Polish exploration of the avant garde...

Łódź is a city in the downsurge of the current global depression, girdled by punctured turret-slabs of the Communist era, formerly a manufacturing behemoth, “a Manchester of Poland” – and currently destroying its comparative’s claim as owner of the avant-garde.

October’s Soundedit line-up was small yet huge: Public Image Limited, Bill Laswell, Marc Almond, Steve Osborne, Dan Austin and Six by Seven were all visiting. It takes the form of a venue-festival set in Toya Studios, a series of dark concert halls which is also the largest Polish centre for music production. Previous artists at the festival have been Adrian Sherwood, Flood, The Divine Comedy, Peter Hook, Mad Professor, Tim Simenon, Tackhead (Adrian Sherwood and Gary Clail’s industrial hip hop group) and Robin Guthrie.

Backstage John Steven, aka Rambo, PiL’s manager, keep watch at the dressing room door – shouts erupt if people tried to make contact with Lydon. Also in PiL are Lu Edmonds (The Damned) on guitar, Bruce Smith (The Pop Group, The Slits) on drums, and Scott Firth (Elvis Costello) on bass.

One roadie comments before the gig: “No one knows he’s gone from speed freak to looking like he works on a building site”.  Lydon poses himself stage-centre like a bull; his voice skating in and out of the ribbon of the note; caged in metal. His shoulder blades tense; his elbows up, swaying; arms rocking then ripped back in, self-conscious; swigging cognac vicelessly, spat back into a bucket; Marciano, 13 rounds and an encore. Rambo watching keenly from the side, Edmonds changing from electric to a huge lute, a long narrow face, beard and damp long hair. 

The crowd are fairly normal, not the skinhead elbow-murderers you would imagine when you add Poland + Public Image Limited, or the po-faced avant-garde of Manhattan’s Palladium, where Iggy Pop and Scorsese saw them in 1980. It all descends into chaos slightly at ‘Death Disco’ and Edmonds’ Tchaikovsky guitar sample; Lydon’s vocals evoke a delicious empathy, which is increased by his lack of intimacy with himself, and his choice of subject matter (the track is about his anger at his mother being refused the Last Rites) – we all long to feel it with him, to invade his shell, but we are refused – a weird, nostalgic, fraught experience.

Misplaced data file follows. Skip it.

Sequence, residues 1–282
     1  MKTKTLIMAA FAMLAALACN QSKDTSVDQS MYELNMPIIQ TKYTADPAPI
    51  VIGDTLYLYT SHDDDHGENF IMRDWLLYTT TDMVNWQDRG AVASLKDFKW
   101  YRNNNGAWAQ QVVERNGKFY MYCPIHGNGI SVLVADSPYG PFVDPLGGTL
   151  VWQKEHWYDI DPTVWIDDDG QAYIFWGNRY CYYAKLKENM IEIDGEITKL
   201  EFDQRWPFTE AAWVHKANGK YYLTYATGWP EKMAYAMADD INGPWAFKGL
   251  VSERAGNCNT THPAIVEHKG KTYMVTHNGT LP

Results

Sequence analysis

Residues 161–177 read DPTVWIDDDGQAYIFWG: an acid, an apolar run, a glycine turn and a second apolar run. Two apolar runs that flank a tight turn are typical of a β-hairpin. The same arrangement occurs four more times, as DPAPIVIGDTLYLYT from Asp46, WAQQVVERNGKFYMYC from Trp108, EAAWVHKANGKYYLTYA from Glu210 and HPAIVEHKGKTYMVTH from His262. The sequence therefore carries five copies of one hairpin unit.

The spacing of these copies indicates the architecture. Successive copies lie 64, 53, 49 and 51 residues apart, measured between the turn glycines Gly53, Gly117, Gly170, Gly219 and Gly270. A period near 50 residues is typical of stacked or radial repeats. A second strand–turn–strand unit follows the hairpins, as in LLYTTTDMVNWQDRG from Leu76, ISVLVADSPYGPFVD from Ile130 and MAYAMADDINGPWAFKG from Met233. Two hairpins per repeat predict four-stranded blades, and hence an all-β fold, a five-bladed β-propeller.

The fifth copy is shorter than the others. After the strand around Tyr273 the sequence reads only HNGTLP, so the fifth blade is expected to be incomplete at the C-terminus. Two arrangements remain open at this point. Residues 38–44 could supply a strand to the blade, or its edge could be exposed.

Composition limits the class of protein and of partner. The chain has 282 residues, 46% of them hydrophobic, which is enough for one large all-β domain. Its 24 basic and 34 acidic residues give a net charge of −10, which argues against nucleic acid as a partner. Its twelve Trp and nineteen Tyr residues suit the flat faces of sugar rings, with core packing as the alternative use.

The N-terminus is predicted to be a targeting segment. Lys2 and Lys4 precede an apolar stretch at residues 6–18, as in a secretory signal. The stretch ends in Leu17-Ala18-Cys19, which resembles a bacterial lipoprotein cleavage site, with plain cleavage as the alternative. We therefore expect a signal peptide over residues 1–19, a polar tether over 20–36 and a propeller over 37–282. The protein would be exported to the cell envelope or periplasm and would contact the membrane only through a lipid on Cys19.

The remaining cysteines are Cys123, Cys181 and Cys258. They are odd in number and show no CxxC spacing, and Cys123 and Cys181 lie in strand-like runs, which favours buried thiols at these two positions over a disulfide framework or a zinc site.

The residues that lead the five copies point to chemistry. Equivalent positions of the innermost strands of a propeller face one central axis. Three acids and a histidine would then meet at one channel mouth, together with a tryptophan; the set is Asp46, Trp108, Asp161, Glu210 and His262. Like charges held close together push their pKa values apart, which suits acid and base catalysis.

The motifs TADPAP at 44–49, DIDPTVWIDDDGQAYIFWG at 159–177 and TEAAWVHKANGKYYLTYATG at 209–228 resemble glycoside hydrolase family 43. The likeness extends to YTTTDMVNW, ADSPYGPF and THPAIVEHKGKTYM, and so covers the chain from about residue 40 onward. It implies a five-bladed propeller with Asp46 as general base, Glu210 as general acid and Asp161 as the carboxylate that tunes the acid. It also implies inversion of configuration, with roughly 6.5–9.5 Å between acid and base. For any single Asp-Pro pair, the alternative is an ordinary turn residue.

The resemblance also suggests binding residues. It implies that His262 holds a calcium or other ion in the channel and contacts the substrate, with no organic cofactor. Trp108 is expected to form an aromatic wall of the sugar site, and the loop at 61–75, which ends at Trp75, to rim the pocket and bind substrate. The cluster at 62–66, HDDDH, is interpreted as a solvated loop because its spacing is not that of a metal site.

Other songs include ‘Metal Box’ classic ‘Poptones’, with its famous Wobble, disco-inflected bass line, and Lydon’s slightly softer vocals (penned in his roadie Joe’s “Japanese car” with Wobble and Ari Up’s mother Nora Forster as passengers on a speed comedown). Polish heads begin to exert hydro-pneumatic spring-rate at the ska of ‘One Drop’, from their 2012 album ‘This is PiL’. Lydon’s riposte to Malcolm McLaren, ‘Public Image’ then slit across the room like an acid contrail. The overall experience is of duress, not entertainment, but it’s known around the world that PiL want your soul. 

Six By Seven also play that night, exerting a downer strain upon the crowd – this iconic group presaged the style of acts like Elbow, hitting home particularly with tracks like ‘Sympathy’ and the excellent ‘Standing in the Light’. A Łódź local, Lukas Klaus, on the drums, accompanies Chris Olley’s potent, dis-enfranchised energy. Lukas replaces Steve Hewitt, who has injured his arm; in the event, the Polish drummer brilliantly replaces the ex-Placebo Hewitt, so much so that Clash wondered how Hewitt looks 10 years younger and has a – markedly less dodgy – Polish undercut.

Bill Laswell follows, with an ambitious offering. Laswell is a bass guitarist and producer who has in the past worked with figures as diverse as Sly & Robbie, Afrika Bambaata, William Burroughs and Brian Eno. Fittingly for someone so ‘world’, he decides to score ‘Koyaanisqatsi: Life Out Of Balance’, the silent film about the natural world and industrialisation, famously put to music by Philip Glass. The film depicts scenes from nature – the Grand Canyon, beautiful waterfalls – the emerald colour of water just about to descend the cataract; then we begin to hear the helicopter sounds over the gorgeous glide shots, an atomic bomb mushrooms uncontrollably over the desert. Laswell, playing a huge bass from a chair and at the helm of a sound desk, included only a few plucked bass notes – his light touch seemed a little misplaced here – as the apocalyptic images grow relentlessly.

Elsewhere, producer-genius Dan Austin (Massive Attack, Doves, Surfer Blood, Six By Seven, Maximo Park) receives the ‘The Man With The Golden Ear’ award, presented to him by his friend and co-producer, Steve Osborne, (Happy Mondays, New Order, U2) the incumbent from 2012. The other ‘The Man With The Golden Ear’ Awards went to Bill Laswell, Haydn Bendall (Abbey Road, Pet Shop Boys) and local legend Władysław Komendarek.

All very civilized. But the night doesn’t not end there; Clash ends up in one of those Communist-era ‘monstrosity’ tower blocks, with a rowdy group of Mexican expat workers, munching vodka jelly babies and singing under-amplified Dominican reggaeton with a Tunisian bloke who had drunk too much to drive 12 kilometres back to his wife and children. Needless to say various concelebrants end up with their heads jammed in the cistern, Na zdrowie!

Words: Miguel Cullen
Photography: Joanna Frota Kurkowska



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